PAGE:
Which war is the right war? Which war is the wrong war? Should we have fought for independence? What about the War of 1812? Should we just have allowed the British to take our ships – or given up after they torched Washington? What about the war to preserve the Union? World War I? World War II? Let the Axis powers rule the world and kill millions of innocent people?
Certainly, this list of conflicts that the United States has engaged in are less controversial than others I could mention. Why must we visit these critical times in our nation’s past? Because without these, we would not have our nation’s present, nor our nation’s future.
Last week, numerous students protested the participation of certain companies and organizations affiliated with the defense industry and the Pentagon.
This is in addition to many posters that were put up around campus, as well as past protests and posters. The problem with these activities is that the views behind them are narrow, short-sided and irresponsible.
War is indeed terrible. Only those who have experienced it firsthand can truly comprehend the hideousness of it all. At our present position in human history, there are still, unfortunately, differences that cannot be worked out through diplomacy alone.
Peace between nations is in fact a relatively new occurrence. It is very difficult to pick out a time from the fall of the Roman Empire – or even before it – until World War I in which there was peace on the European continent for any extended length of time. Perhaps in our lifetimes we will live to see peace toward all men on earth. That would be glorious. However, that day is not today.
Afghanistan, Iraq, Darfur, the Middle East, Iran and North Korea are just some areas of continuing or potential violent threats to the people on Earth.
As a major superpower in an ever more integrated international community, the United States has a responsibility to arm itself sufficiently and to combat those forces who would do harm to United States citizens or citizens of the world.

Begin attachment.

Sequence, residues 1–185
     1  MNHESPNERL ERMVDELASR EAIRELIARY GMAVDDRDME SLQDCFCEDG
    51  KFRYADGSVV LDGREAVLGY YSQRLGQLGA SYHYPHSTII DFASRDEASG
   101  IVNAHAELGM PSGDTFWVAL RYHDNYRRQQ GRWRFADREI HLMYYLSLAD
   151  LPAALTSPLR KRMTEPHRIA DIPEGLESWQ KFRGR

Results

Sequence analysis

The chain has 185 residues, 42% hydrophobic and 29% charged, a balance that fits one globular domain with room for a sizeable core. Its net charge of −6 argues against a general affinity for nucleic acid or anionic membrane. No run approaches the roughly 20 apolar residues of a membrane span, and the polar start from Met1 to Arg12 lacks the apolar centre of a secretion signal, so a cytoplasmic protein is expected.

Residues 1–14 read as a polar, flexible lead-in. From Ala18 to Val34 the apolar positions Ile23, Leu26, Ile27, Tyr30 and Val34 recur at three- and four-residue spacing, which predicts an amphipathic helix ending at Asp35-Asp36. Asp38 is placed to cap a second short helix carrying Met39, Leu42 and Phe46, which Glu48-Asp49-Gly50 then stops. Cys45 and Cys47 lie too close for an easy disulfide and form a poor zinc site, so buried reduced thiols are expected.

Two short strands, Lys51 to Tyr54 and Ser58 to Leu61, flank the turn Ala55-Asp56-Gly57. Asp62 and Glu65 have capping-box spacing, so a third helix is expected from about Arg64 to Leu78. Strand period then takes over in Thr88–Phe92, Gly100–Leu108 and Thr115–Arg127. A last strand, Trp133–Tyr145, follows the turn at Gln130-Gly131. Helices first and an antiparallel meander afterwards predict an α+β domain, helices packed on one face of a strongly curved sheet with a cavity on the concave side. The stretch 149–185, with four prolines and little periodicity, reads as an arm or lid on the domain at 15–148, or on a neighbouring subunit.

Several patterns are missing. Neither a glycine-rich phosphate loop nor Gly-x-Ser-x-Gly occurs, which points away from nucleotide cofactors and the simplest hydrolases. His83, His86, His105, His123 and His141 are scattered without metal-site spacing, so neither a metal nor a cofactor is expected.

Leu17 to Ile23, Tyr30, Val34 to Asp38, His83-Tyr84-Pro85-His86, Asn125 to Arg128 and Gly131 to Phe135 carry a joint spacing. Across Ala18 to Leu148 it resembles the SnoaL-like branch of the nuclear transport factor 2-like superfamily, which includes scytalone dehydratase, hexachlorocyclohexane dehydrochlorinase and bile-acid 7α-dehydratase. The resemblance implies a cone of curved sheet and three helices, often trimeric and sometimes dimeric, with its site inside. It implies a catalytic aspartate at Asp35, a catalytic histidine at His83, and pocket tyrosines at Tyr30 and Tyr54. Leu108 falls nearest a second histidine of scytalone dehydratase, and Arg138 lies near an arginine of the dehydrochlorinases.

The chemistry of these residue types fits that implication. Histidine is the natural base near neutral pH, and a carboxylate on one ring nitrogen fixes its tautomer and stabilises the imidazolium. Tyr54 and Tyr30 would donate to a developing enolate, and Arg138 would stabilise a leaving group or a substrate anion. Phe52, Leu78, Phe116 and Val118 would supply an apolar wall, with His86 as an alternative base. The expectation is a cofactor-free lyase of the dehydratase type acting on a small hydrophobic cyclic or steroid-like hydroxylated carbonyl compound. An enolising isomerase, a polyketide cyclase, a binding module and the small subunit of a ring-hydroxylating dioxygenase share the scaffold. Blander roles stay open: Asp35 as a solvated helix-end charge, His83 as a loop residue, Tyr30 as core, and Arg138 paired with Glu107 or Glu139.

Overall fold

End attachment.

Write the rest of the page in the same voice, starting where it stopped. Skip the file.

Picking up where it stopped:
Defense contractors, in cooperation with the Department of Defense and other sections of the government, must work to meet this responsibility. The list of areas I mentioned above is not exhaustive, nor can it predict conflicts that may arise in the next 50, 100 or more years.
That is the problem with the future – it can never be accurately predicted. There are those who are opposed to the Iraq war – myself included.
However, this does not exclude the possibility that the next military engagement put before the United States should not be pursued.
In the defense industry, you are never building for the current war – always the next one. Some major platforms can take decades to develop and test before they become operational, way outside the timeframe of any single conflict.
Others have effective civilian applications. Radar, nylon and synthetic rubber were all born out of World War II. An engineer at Raytheon who noticed that the chocolate bar in his pocket melted when he was experimenting with high frequency radio waves invented the microwave.
Computers owe their existence to defense sponsored programs and, more famously, to the Advanced Research Projects Agency – ARPA – now known as the Defense Advanced Research Projects Agency – DARPA – which started the development of the Internet. Cell phones can trace their lineage back to the Walkie-talkie, first used by GIs in World War II.
Significant military research and development are currently directed toward “smart” munitions, which are able to precisely hit their targets with the goal of minimizing collateral damage.
In contrast, World War II strategic bombing campaigns required hundreds of bombers and thousands of tons of bombs to destroy a single target-factory, warehouse, railhead-and usually resulted in the destruction of the town the target was in as well. Picatinny Arsenal, which attended the career fair, is currently developing the Excalibur, the first guided artillery round.
Defense contractors in some respects must follow similar guidelines to the troops they support, namely, to follow orders. Without them, our troops are not armed, protected, transported, sheltered or even fed. Indeed, tax dollars are wasted on certain defense programs, just as much as they are wasted on programs throughout all of the government.
However, it is imperative that those in the defense industry and those outside of it look to defend this country from both foreign and domestic enemies. As General Robert E. Lee said, “It is well that war is so terrible – lest we grow too fond of it.”
Klein can be reached firstname.lastname@example.org.